Wednesday, December 17, 2008

Spider-Man Noir

Every once in awhile an "elseworld" story comes along that re-imagines a popular character like Batman - Gotham By Gaslight (what if Batman existed during the time of Jack the Ripper?) or Superman - Speeding Bullets (what if Superman had been found by the Waynes and not the Kents and became a Super Batman?) For the most parts I have enjoyed these stories because they take what is best and strongest about the mythos of a particular character and by setting the story in an unfamiliar world or time show that their stories are timeless. What is great about Superman or Batman will always be great no matter where the story is set. Superman - Red Son was a particularly strong take on this genre. It imagined Superman leaving his exploding planet of Krypton and landing in Soviet Russia instead of Kansas USA. (Try to imagine how communist ideals - the good of the state - would contrast with capitalist ideals - truth, justice and the American way - and you have the beginnings of a great read)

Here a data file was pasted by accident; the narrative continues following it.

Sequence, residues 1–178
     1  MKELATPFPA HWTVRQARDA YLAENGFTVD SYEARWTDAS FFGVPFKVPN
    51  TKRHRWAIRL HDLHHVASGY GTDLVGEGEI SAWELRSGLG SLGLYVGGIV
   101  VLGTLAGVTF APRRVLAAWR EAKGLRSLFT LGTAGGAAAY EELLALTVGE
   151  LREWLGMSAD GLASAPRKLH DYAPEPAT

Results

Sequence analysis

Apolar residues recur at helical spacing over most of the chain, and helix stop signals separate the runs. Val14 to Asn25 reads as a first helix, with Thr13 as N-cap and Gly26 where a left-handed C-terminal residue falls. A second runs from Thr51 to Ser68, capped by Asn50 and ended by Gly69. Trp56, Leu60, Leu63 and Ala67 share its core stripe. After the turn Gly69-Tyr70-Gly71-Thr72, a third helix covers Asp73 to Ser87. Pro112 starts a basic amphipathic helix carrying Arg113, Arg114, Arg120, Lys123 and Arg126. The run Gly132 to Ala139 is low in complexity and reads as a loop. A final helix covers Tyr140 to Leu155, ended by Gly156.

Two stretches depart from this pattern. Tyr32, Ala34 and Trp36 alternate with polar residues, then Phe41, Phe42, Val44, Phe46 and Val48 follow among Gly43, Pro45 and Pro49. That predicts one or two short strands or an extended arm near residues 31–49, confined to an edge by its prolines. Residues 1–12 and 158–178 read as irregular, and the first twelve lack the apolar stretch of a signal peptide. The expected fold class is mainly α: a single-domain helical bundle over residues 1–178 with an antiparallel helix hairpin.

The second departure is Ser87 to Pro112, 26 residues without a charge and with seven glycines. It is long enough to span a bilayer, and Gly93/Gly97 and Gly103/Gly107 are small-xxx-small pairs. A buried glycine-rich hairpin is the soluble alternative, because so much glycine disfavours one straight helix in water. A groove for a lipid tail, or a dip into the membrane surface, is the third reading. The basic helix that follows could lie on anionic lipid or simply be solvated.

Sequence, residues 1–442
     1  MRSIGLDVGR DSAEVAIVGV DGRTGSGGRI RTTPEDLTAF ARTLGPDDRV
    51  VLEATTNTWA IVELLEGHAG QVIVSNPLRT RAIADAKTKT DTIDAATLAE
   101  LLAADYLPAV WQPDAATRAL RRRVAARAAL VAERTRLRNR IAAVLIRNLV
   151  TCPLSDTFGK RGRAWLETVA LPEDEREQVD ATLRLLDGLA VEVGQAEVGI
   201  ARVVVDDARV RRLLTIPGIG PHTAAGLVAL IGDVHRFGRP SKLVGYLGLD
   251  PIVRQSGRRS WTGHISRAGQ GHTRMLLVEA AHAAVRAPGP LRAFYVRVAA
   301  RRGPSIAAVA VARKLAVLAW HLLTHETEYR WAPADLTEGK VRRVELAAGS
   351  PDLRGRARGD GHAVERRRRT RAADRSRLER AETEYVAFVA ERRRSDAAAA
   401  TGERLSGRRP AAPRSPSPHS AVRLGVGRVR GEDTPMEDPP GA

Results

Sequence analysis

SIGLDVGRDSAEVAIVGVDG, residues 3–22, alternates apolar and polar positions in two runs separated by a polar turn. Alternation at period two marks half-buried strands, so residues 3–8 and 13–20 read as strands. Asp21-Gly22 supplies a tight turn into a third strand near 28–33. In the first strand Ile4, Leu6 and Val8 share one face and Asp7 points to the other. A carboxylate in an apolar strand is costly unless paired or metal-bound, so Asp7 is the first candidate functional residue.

Today I read issue one of Spiderman - Noir which postulates a world were Peter Parker lives in a crime and poverty ridden city during the Great Depression. We get the same backstory - Dead Uncle Ben, Aunt May but we are given a city where the main villian is a ganster named the Goblin who was responsible for Uncle Ben's Death. He was killed for being a protester and agitator much like Aunt May is. Peter is taken under his wing by Ben Urich a drug addicted reported who is somehow protected from the Goblin and who works for J. Jonah Jameson at the Daily Bugle. (And who we also find was there when Uncle Ben was killed!) Except for the cover and one scene on the initial splash page we get no images of this black suited gun weilding Spiderman but that only adds to the interest. I so wish I had all four issues to read at once because I want to see how he got his powers or if he even has powers. We see that he has his webs but why the gun? The costume is totally 'noir' inspired with the trenchcoat,the homemade, awkwardly sewn mask and goggles. Villians like Kraven and the Vulture are tweeked a bit here but are still familiar to any Spidey fan. Marvel recently released an X-men Noir title but its conciderably less memorable. I guess for someone like me who has seen it all after 30+ years of reading comics this seems like a fresh take on an old character. But then again most of the 'elseworld' type tales are satifying just in their approach. By setting the character in a fresh environment you lose the burden of decades of continuity while retaining the details that make the character interesting in the first place.

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